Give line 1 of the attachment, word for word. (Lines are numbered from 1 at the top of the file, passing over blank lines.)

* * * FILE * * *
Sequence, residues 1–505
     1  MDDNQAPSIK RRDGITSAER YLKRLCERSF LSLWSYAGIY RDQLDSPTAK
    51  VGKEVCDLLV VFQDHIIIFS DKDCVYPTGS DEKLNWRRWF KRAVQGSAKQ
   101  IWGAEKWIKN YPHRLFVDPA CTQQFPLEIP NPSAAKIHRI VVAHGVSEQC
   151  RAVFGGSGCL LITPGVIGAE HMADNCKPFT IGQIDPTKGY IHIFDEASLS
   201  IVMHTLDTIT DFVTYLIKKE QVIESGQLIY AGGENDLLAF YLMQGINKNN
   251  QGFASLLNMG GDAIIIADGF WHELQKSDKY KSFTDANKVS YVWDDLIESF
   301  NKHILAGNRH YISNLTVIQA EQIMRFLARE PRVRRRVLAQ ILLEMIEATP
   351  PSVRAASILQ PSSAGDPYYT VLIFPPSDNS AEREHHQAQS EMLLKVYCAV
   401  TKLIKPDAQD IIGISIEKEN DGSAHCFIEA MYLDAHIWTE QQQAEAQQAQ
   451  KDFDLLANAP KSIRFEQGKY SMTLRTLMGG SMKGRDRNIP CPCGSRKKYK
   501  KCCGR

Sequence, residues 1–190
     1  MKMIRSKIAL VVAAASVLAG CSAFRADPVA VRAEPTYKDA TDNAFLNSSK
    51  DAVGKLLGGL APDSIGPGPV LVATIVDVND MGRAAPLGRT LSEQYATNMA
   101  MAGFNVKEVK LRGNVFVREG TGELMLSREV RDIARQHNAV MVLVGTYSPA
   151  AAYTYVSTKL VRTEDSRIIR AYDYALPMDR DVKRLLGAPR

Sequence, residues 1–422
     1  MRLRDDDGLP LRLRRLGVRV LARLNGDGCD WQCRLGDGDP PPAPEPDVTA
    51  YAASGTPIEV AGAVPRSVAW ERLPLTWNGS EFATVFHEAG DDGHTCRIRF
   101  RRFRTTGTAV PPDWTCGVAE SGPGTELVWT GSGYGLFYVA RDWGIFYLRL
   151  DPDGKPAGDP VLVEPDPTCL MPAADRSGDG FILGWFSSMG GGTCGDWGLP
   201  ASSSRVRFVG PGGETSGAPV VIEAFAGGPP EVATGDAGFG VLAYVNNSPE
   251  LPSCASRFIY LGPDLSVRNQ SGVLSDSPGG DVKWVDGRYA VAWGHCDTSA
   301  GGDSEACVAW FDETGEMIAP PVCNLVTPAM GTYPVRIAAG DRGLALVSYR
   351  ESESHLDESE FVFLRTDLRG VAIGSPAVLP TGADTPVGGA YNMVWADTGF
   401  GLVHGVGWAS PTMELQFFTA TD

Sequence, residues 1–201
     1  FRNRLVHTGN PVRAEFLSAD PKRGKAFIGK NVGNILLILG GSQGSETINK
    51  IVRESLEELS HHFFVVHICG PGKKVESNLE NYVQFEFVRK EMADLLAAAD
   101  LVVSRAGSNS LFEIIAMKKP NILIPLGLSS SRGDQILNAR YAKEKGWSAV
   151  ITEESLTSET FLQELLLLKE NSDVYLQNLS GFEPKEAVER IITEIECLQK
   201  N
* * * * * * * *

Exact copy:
Sequence, residues 1–505